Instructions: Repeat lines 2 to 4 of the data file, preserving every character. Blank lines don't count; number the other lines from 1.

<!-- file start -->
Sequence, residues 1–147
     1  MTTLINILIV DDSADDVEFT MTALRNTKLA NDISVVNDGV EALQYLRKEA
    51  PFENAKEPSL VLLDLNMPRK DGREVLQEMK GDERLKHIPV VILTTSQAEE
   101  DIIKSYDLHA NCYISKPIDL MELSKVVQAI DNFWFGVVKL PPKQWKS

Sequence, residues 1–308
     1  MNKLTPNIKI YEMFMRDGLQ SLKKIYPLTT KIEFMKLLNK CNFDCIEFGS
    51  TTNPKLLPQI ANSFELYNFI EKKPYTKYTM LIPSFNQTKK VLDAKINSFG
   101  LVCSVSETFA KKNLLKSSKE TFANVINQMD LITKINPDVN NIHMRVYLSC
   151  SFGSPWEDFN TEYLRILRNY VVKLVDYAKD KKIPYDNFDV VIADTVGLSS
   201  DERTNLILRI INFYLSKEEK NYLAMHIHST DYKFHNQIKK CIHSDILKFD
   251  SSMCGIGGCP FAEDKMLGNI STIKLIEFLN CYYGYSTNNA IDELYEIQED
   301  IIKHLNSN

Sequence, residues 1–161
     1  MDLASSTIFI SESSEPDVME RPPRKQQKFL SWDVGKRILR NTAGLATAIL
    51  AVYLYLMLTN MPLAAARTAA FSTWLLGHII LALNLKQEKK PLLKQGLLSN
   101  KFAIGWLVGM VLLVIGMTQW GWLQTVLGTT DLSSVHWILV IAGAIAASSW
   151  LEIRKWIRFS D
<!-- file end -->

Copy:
     1  MTTLINILIV DDSADDVEFT MTALRNTKLA NDISVVNDGV EALQYLRKEA
    51  PFENAKEPSL VLLDLNMPRK DGREVLQEMK GDERLKHIPV VILTTSQAEE
   101  DIIKSYDLHA NCYISKPIDL MELSKVVQAI DNFWFGVVKL PPKQWKS